Bonnie Tyler Be Damned: We’re Not Holding Out For A Hero

2009 October 12

My mother and I were recently discussing religion (can’t remember if this was before or after I threatened to become a Quaker). When she mentioned having been brought up to respect and revere members of the priesthood, I realized that I simply could not relate. Not even a little bit.

3447538612_f5d6f00020Photo by bobster855

And it’s hardly limited to clergy; I don’t have pro forma  respect for anyone in authority and I’m pretty sure that I’m not alone among Gen Y. A straw poll of coworkers, friends and acquaintances confirms this absence of reverence. Not that a questioning of the powers that be and mourning their feet of clay is a new phenomenon. After all, Simon and Garfunkel were bemoaning the dearth of heroes in American  popular culture all the way back in 1968 with Mrs. Robinson. But theirs was a different loss of respect. They still believed in the idea of heroes and held out hope for the return of upstanding public figures to serve as role models. But I’d argue that today’s twenty and thirtysomethings don’t. We’re civic atheists, while the previous generation were merely agnostics.  Instead of the mythic Joe DiMaggio, we got Barry Bonds.  Talk about the short end of the stick. We’ve grown up with touchstones ranging  from the break-up of the Soviet Union to O.J. Simpson’s media circus murder trial to our own parents’ divorces.  We came of age knowing firsthand the fallibility and the impermanence of leaders and institutions and having ample evidence of their weaknesses served up in a 24/7 multimedia news cycle. Whether you’re the public figure or the potential audience, there’s nowhere to hide. Is it any wonder that we refuse to pay our due deference to those who don’t deserve it?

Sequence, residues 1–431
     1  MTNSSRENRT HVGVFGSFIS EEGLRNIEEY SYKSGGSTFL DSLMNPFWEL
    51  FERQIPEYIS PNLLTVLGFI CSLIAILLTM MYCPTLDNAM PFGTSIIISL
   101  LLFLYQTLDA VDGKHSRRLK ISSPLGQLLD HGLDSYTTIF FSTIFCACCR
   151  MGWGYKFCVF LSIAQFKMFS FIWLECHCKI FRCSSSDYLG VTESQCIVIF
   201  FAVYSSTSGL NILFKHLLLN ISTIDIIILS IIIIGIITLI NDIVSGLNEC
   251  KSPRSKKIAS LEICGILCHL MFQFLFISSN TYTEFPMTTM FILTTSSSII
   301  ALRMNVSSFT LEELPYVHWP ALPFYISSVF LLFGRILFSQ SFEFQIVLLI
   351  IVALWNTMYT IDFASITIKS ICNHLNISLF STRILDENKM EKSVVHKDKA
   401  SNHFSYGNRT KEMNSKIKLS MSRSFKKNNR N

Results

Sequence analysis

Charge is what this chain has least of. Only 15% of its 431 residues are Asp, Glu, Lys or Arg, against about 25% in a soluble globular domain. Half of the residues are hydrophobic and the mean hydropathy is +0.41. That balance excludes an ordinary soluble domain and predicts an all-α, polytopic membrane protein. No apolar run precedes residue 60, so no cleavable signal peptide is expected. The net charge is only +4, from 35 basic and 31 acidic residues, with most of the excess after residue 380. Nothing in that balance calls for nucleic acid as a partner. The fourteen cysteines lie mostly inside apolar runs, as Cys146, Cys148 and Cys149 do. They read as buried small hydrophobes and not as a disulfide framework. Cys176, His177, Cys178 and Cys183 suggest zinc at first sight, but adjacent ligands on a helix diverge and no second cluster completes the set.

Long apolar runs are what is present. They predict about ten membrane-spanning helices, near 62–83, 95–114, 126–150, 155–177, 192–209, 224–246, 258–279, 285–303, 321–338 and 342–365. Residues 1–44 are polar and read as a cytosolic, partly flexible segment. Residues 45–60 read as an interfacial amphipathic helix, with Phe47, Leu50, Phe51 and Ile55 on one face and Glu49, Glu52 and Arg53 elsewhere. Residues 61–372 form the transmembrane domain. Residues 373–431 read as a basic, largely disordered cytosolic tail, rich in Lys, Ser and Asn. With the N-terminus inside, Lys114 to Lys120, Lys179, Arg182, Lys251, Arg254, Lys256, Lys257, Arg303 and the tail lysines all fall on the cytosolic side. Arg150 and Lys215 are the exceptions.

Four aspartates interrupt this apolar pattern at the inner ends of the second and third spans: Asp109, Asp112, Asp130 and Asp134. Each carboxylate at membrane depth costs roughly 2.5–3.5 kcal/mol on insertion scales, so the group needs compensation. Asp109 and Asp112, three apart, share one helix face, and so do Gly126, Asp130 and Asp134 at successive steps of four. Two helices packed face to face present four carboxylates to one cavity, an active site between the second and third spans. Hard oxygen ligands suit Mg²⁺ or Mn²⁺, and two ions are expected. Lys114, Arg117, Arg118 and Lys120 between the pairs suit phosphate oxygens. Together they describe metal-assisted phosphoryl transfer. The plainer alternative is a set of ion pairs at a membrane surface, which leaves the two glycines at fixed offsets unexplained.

This lack of faith directly feeds our collective apathy. We’ve turned ironic detachment into an art form. We know we’re going to get burned, so why invest fully? Be it in a job, a relationship, a president, a suburban all-American future. Better to keep one eye on the clock, the door, the horizon than to go all in and risk feeling like a fool when the bottom drops out yet again. It’s commitment phobia writ larger than life and we’re all guilty of it. And it shows in the way we interact with each other and with the rest of the world. Man, does it show.

So, the million dollar question is what exactly is left to believe in when it seems as if nothing and no one truly stands the test of time? Talk about looking for the rock of ages in the midst of an avalanche. I wish I had the answer, kids. I’d be more than happy to share the enlightenment or at least parlay it into an appearance on Oprah.

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